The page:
Law & Principles, Good Government

'Ethics Commission' vs. free speech (again)

December 10, 2020

Trent England

The Oklahoma Ethics Commission is an agency set up to regulate campaign finances and lobbying of state officials. Unhappy with this narrow but important responsibility, the Commission has a history of trying to expand its own power. Tomorrow it will consider a blatantly unconstitutional proposal to regulate “informational materials,” specifically including “books, written materials, electronic, audio and/or video materials,” provided to state officials or employees.

That’s right, the Ethics Commission wants to regulate books, at least if they get into the hands of state officials. We’re unsure what problem they’re trying to solve. Are wind-energy companies buying off regulators with copies of The Wind in the Willows? Maybe the Oklahoma District Attorneys Association is mailing out Silence of the Lambs DVDs to reduce support for criminal justice reforms?

The real problem is regulators looking to expand their own power, along with blatant ignorance of basic constitutional law.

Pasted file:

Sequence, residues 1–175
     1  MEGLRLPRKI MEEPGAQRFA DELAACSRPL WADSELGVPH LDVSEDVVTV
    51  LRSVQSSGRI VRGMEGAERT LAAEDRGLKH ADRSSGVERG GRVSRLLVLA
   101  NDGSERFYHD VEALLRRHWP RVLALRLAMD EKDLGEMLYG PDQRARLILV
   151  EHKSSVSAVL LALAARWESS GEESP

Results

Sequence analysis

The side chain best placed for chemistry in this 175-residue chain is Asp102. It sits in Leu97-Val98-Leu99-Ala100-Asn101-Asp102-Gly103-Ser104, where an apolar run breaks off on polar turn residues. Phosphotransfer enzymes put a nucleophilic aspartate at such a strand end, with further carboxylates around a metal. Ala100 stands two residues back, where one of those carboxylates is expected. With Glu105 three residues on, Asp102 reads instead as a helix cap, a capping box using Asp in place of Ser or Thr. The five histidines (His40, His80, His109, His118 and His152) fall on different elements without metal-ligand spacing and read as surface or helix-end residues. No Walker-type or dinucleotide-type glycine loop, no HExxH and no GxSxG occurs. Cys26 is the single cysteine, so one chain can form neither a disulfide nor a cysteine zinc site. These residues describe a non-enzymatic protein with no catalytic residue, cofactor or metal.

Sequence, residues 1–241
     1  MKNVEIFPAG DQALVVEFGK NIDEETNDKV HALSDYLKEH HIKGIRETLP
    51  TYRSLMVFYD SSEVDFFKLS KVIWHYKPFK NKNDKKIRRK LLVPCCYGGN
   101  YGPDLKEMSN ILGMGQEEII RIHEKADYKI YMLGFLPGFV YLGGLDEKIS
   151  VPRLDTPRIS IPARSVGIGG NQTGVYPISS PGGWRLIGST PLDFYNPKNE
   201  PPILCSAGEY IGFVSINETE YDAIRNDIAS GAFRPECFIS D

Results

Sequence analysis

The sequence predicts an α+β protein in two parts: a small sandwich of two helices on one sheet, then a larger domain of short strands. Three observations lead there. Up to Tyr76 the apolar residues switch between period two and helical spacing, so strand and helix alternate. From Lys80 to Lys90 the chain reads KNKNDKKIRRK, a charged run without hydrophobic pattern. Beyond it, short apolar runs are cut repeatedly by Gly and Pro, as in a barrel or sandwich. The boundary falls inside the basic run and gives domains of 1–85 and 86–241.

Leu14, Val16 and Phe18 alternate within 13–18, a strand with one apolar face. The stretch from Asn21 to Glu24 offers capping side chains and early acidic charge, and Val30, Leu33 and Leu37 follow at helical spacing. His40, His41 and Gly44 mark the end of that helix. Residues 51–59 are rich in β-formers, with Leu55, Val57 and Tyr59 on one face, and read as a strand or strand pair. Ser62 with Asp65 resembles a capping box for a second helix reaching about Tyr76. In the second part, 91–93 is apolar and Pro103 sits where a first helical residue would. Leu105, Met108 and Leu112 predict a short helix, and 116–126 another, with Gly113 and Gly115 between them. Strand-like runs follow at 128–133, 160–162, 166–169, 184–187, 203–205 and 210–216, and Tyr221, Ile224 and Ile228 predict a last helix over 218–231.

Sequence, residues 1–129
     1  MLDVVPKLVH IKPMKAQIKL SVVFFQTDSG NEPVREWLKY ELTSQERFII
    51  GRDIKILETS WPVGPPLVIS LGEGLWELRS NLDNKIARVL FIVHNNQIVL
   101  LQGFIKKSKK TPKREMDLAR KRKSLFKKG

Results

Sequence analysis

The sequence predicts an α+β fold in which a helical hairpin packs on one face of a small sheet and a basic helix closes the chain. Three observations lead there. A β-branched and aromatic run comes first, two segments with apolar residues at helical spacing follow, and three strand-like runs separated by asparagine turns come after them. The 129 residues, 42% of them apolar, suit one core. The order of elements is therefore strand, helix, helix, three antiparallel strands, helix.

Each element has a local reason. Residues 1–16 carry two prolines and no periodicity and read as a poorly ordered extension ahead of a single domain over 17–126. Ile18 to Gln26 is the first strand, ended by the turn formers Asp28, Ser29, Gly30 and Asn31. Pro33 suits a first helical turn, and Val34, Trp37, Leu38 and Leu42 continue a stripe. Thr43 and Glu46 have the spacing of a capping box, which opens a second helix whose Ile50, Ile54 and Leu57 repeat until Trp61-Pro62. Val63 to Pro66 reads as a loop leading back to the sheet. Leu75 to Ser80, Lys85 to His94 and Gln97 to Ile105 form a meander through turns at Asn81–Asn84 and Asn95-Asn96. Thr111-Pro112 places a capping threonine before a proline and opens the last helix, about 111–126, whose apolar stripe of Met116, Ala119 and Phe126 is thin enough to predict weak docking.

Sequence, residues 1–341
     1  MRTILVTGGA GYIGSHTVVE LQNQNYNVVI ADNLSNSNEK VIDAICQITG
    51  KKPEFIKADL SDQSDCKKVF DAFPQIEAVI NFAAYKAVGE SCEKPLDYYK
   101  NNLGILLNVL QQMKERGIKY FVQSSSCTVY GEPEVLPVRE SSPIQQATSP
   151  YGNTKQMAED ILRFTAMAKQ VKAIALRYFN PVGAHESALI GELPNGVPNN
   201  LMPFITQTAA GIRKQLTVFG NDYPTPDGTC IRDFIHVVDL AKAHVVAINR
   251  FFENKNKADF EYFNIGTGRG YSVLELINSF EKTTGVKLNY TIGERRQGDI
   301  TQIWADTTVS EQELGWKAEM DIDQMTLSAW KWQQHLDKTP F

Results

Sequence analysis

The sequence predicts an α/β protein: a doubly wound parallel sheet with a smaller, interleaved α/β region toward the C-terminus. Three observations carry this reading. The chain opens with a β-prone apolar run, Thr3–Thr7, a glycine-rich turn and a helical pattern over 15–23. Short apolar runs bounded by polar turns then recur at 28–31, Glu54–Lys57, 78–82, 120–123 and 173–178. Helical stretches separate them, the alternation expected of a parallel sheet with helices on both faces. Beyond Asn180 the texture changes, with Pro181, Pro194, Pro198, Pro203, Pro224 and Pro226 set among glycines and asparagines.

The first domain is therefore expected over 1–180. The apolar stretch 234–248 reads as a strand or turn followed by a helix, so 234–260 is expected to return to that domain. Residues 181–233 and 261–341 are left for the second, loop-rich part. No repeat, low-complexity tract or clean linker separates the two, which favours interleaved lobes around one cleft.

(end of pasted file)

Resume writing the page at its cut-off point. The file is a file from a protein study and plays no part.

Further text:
The Ethics Commission’s proposal would make it illegal for a professor at the University of Oklahoma to give a study to a member of the governor’s staff, unless the professor filed a public report of this shady transaction. It would likewise regulate—and potentially criminalize—a staff member at a Boys & Girls Clubs from loaning a book to a state legislator. And if the Chickasaw Nation sent DVDs of their latest television commercials to the Tourism Department? The Commission says: “Papers, please!” File a report or face prosecution.

Nearly every major Oklahoma business, organization, and union hires lobbyists, which means they’re already required to register as a “lobbyist principal.” Any informational materials they happen to provide to someone in state government would be regulated and could become a criminal act if the Oklahoma Ethics Commission approves Rule Amendment 2021-02.

If adopted, would this ultimately be struck down in court? Of course. State agencies cannot regulate basic speech like this unless the rule is as narrow as possible and written to solve a compelling problem. This rule is not narrow, and the problem ... well, there is no problem.

Hopefully, the Commission will vote down or simply withdraw this proposal, rather than set up the State of Oklahoma for an embarrassing court loss.